Many people enjoy the benefits of having softened water in their home, including easier cleaning, better skin and hair, and longer lasting appliances. However, softened water is not ideal for houseplants, lawns, and gardens.
A water softener works by removing the minerals that cause hardness, such as calcium and magnesium, which plants benefit from. Also, when a water softener regenerates, the softening media is cleaned by the salt water stored in your brine tank. This process leaves trace amounts of salt in your softened water, which are not noticeable or harmful to humans. However, these trace amounts of salt are a cause for concern for gardens, lawns, and houseplants.
Using softened water on plants and gardens can interfere with the water balance and can damage them by fooling them into thinking they have taken up more water than they actually have. Softened water essentially causes the plants in your garden to die of thirst. Not only can the salt in softened water hurt your plants, but the salt can build up in your soil, making it difficult for future plants to grow.
What Are Your Options?
The good news is that you do not have to choose between the benefits of having soft water in your home, and your lawn and garden. There are many options that allow you to have the best of both worlds.
1. Use the bypass valve on the water softener. Close the bypass valve on the back of the water softener prior to watering your lawn. Once your lawn is watered the bypass valve can be opened, allowing softened water to your home.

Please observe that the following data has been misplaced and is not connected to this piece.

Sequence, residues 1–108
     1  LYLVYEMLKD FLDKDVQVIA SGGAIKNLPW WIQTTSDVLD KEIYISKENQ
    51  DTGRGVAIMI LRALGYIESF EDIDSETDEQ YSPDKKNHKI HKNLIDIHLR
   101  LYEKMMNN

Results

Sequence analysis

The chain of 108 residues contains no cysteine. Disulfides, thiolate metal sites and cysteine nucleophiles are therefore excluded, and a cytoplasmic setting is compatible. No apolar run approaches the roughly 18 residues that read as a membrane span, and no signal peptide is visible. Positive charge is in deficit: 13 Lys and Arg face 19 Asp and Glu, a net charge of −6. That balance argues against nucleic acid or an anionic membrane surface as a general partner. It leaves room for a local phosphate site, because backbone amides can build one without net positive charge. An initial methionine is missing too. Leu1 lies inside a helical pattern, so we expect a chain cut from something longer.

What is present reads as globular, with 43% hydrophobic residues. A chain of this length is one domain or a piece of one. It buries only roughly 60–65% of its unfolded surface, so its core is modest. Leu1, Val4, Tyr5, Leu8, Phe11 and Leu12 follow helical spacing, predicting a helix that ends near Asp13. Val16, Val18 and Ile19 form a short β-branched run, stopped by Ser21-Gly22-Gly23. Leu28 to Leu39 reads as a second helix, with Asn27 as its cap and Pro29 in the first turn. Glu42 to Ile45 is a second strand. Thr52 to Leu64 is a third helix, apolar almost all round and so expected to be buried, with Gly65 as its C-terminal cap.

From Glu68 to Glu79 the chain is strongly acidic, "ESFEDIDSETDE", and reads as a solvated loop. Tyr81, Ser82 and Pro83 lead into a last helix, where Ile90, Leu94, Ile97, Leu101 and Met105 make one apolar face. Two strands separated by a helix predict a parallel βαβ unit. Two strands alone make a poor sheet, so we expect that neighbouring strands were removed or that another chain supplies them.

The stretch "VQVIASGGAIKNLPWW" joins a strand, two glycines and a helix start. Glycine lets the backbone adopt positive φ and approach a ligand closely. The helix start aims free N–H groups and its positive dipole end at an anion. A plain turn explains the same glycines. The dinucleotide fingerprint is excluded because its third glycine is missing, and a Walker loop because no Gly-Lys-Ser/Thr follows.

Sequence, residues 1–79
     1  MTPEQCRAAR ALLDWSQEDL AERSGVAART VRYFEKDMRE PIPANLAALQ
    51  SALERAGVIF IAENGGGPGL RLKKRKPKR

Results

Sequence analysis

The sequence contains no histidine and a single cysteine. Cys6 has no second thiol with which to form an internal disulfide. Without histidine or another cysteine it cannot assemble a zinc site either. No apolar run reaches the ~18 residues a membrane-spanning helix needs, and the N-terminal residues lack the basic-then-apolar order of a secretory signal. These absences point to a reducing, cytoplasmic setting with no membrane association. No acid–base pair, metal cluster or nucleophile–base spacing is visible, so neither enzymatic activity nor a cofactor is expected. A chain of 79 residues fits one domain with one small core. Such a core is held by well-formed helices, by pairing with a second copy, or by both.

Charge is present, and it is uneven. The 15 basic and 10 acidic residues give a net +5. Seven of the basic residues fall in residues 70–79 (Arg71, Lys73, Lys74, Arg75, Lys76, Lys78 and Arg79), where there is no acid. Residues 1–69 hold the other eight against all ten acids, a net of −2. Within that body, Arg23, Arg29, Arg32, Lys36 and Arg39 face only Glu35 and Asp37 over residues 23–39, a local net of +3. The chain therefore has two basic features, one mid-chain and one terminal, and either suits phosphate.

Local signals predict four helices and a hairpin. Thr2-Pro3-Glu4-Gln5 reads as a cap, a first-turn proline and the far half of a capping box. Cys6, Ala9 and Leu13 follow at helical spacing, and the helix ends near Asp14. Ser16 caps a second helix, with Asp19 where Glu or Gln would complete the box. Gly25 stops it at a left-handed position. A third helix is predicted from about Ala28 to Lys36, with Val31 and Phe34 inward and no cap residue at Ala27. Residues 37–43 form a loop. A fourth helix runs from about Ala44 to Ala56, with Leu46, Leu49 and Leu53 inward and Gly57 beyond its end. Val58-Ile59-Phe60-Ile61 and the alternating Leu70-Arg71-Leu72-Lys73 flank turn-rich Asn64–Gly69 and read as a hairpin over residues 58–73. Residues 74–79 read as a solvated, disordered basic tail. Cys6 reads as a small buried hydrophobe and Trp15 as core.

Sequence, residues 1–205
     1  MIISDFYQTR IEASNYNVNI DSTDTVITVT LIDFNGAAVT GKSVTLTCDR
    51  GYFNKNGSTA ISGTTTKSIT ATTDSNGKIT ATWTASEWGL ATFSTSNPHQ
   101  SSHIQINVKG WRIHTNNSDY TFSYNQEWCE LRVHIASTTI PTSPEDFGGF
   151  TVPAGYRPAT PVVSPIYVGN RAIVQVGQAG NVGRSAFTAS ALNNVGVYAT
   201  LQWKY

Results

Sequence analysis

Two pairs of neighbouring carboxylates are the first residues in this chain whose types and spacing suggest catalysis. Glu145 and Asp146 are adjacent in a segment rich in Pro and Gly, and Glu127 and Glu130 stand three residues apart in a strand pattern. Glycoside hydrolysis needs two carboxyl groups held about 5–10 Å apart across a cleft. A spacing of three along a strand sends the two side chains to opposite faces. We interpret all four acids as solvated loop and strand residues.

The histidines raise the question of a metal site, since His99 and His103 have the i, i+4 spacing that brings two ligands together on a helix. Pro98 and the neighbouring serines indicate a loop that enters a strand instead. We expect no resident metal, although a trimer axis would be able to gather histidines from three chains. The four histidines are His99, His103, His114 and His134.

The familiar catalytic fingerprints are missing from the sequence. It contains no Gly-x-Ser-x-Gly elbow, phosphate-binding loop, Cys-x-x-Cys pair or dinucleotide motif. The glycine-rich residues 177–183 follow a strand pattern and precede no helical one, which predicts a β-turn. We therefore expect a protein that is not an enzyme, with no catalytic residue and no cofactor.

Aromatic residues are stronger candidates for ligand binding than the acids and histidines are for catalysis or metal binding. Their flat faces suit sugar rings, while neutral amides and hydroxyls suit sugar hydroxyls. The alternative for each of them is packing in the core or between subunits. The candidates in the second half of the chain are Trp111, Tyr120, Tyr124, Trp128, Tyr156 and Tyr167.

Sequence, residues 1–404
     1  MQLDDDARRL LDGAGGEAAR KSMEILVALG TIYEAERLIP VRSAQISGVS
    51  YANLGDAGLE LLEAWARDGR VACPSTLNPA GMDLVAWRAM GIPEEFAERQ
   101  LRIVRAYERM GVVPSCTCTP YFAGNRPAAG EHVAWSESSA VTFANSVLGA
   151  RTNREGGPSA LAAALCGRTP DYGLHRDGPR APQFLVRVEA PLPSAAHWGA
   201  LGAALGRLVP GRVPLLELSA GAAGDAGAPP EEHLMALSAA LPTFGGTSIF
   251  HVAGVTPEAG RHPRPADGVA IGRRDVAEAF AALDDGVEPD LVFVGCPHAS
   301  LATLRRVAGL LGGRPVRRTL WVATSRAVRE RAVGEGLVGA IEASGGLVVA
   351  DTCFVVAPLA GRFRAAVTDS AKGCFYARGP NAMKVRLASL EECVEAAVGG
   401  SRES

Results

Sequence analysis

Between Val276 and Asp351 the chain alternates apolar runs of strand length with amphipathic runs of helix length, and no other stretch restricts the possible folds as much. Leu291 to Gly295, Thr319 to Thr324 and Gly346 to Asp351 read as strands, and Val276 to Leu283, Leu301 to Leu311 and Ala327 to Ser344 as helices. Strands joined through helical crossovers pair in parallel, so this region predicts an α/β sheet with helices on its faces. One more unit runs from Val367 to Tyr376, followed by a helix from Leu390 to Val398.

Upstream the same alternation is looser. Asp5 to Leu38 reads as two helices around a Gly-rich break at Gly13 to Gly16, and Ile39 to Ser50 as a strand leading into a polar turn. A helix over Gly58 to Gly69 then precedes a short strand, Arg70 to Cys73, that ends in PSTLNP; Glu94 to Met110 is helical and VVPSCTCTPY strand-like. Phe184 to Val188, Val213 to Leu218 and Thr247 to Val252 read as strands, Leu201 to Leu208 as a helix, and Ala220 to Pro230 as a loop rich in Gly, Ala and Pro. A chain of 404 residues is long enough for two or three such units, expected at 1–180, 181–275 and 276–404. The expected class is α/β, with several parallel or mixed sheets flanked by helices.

2. Have a bypass installed. A dedicated tap can be installed on the outside of your house or your existing outside taps can be connected directly to your untreated water line, prior to the water being treated by the water softener. This allows you to water your lawn and garden with untreated water that has maintained the calcium and magnesium and is free from salt.
3. Collect rainwater. Collecting rainwater with your own backyard rain barrel is a great way to water your outdoor garden. Installing a rain barrel is an easy, economical, and ecological choice to collect water, and many municipalities offer rain barrels to its residents. The rain barrel will fill up on rainy days and give you a supply of water to use when watering your gardens.
4. Use Reverse Osmosis water. If you have a Reverse Osmosis system installed in your home, this is ideal water to be used on house plants. The RO system will remove the excess sodium in your water and therefore is a good choice for watering plants. When using Reverse Osmosis water it is recommended to add a fertilizer to ensure the proper nutrient levels are delivered to your plants.
Correcting Salt Levels in Your Soil
If it becomes necessary to correct the salt levels in your soil you will need to leach the soil by frequently watering it with untreated water. This will help to draw the salt out of the affected soil; however it will also draw out nutrients and minerals that plants need to grow. This means that you need to make sure to add these nutrients and minerals back into the soil.
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